See my related post: On Being Bold: Step on the Gas

Regardless of your age or experience level I’m convinced that you can overcome any fear that is inhibiting your career advancement.  Mark Twain once said “Courage is resistance to fear, mastery of fear – not absence of fear.”  You may always have that fear lurking inside.  But you can always overcome it.

What are you afraid of?

If you would like to learn more about working in consulting, get Lew’s book Consulting 101: 101 Tips for Success in Consulting at Amazon.com

As always, I welcome your comments and criticisms. 

Related Posts
Reluctant Clients: Gaining Buy In
"We're from corporate and we're here to help." It's the common joke for anyone who works for a living; for anyone who feels they know their job and doesn't need high ...
READ MORE
Consulting Skill: Adaptability
Kodak was once a dominant player in the photography industry leading all players in the film and camera market by a seemingly insurmountable lead.  As digital photography – which they ...
READ MORE
Consulting’s Three Headed Monster
A good consulting firm needs to be successful from three aspects: Delivery, Sales and Recruiting.  This is often considered the three-headed monster of consulting The three headed monster Delivery Delivery, the act of ...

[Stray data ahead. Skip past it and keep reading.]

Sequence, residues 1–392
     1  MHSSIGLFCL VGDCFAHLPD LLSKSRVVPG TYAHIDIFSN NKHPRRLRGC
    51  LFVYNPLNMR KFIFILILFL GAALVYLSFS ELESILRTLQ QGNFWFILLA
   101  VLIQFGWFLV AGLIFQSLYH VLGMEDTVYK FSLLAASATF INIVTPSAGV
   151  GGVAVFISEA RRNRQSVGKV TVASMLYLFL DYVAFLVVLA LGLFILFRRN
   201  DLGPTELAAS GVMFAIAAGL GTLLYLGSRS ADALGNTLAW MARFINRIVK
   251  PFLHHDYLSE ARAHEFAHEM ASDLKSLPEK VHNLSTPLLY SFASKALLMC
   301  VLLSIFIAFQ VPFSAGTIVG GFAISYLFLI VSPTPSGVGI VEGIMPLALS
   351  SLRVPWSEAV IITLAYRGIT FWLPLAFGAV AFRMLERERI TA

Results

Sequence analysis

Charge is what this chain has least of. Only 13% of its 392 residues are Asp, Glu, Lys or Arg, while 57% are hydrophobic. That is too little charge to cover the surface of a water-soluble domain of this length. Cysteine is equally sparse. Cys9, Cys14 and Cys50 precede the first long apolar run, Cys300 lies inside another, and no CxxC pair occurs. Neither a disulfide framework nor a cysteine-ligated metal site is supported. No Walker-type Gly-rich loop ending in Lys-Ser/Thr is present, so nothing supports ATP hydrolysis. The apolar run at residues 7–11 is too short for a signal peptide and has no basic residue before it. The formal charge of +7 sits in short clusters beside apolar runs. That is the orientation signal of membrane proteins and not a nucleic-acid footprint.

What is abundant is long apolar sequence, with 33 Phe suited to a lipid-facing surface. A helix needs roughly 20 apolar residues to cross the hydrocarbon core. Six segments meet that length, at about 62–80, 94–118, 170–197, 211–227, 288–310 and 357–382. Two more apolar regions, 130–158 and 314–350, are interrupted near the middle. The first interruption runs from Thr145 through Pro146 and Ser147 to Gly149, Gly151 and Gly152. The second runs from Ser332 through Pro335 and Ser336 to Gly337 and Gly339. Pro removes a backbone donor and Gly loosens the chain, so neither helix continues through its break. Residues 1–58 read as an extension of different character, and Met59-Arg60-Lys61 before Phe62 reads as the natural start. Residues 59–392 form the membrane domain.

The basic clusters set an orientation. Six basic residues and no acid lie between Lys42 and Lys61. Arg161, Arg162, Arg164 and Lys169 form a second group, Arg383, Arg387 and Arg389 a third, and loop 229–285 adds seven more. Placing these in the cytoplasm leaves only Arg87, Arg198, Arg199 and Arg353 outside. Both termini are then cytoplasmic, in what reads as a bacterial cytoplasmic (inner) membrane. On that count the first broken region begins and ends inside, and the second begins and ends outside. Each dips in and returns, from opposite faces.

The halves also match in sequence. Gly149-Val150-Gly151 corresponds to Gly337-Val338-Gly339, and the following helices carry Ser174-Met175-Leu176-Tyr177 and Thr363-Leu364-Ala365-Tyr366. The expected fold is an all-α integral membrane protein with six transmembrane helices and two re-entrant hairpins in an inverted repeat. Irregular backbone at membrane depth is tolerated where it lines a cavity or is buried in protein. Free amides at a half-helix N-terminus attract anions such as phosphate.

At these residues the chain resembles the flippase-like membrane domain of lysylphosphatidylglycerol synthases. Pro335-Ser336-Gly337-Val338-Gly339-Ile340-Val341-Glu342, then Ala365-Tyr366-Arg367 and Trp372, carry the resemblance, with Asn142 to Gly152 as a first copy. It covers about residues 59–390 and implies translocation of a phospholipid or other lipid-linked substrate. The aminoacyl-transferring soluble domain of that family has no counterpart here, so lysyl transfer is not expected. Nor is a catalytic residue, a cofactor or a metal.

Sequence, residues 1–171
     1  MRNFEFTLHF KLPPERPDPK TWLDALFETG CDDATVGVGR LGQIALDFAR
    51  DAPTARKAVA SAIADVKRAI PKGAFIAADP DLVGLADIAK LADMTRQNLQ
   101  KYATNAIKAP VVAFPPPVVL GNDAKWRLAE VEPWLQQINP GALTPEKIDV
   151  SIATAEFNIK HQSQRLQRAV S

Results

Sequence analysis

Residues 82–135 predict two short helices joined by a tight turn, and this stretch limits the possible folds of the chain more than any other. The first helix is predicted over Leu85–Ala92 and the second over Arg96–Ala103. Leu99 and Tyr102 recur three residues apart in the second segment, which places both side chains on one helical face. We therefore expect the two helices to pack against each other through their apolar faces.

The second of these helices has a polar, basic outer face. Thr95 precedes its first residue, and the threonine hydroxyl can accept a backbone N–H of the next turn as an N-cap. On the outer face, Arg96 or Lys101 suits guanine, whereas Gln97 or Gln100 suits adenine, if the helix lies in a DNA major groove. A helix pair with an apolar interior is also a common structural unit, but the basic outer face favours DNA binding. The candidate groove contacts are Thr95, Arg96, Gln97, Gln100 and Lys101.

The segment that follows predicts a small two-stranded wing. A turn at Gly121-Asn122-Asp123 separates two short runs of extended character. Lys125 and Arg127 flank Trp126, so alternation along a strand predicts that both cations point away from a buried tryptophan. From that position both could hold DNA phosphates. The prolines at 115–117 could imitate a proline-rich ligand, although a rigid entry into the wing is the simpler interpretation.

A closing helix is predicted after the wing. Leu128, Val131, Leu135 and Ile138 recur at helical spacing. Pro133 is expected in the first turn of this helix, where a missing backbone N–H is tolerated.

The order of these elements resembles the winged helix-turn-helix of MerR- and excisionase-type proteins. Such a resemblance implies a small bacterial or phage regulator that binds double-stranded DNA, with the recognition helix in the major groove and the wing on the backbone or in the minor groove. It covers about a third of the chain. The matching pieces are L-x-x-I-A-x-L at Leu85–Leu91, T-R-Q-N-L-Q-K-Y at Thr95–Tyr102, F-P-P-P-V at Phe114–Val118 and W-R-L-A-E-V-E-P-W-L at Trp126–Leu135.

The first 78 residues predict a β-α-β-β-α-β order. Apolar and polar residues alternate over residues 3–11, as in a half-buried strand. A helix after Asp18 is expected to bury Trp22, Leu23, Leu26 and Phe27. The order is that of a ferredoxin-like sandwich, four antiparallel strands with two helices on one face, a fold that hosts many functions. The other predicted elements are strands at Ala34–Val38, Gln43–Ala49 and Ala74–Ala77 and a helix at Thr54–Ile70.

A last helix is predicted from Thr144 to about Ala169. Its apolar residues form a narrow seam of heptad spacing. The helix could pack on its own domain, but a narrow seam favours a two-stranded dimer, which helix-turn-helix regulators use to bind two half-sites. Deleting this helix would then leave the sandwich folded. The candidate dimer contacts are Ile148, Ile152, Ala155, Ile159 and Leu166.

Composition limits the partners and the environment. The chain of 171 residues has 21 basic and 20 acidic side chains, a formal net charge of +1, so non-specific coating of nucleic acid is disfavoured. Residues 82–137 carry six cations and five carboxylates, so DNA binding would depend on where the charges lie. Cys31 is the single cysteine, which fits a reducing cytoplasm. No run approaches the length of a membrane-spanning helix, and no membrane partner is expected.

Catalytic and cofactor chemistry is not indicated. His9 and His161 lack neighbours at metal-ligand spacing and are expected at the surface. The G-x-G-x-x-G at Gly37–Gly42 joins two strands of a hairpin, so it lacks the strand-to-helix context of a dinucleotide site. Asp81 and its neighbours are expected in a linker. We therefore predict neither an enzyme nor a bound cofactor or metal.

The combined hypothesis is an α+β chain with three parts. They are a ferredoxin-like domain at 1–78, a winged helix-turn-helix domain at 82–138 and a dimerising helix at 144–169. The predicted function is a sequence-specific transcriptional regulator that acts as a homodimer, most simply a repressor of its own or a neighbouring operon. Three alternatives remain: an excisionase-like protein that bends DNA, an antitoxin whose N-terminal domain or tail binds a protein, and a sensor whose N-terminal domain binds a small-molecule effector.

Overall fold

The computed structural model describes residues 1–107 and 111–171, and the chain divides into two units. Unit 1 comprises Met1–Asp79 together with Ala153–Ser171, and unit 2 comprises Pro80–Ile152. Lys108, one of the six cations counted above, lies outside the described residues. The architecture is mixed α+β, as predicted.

READ MORE
Are You A Rule Follower?
I’ve been working since the age of 12 when I became a busboy at an Italian restaurant in my hometown.  I still remember my dad dropping me off on my ...
READ MORE
A High Status Workspace is Not Usually Given to a Consultant
We see evidence of status all over the work place.  The boss in the corner office; larger, more comfortable chairs for management; and cubicles by the window for people with ...
READ MORE
The Best Route to Success – Incremental Gains
I remember an old cartoon of a reporter asking a famous star, "How do you account for your overnight success?" To which the star responded, "Twenty years of hard work." In ...
READ MORE
The Difficult Client Types
I've worked in very few organizations that didn’t have a jerk or two walking around.  Over the years I’ve learned to deal with them. In the one situation where the jerk was ...
READ MORE
Critical Consulting Skill: Flexibility
As I’ve pointed out in this blog before, one of the things I’ve always liked about consulting is the variety.  You generally work on a project for a few months ...
READ MORE
Removal from a Client Project
It happens every once in a while.  A consultant is working with their project team and sometime during the project, the account manager speaks with the consultant and informs them ...
READ MORE
Are You Really Too Busy?
I didn’t get a chance to get to that. I’m so busy, it’s on my list, I’m just buried in work. I didn’t see that email in my overflowing inbox.  When did ...
READ MORE
Reluctant Clients: Gaining Buy In
Consulting Skill: Adaptability
Consulting’s Three Headed Monster
Are You A Rule Follower?
A High Status Workspace is Not Usually Given
The Best Route to Success – Incremental Gains
The Difficult Client Types
Critical Consulting Skill: Flexibility
Removal from a Client Project
Are You Really Too Busy?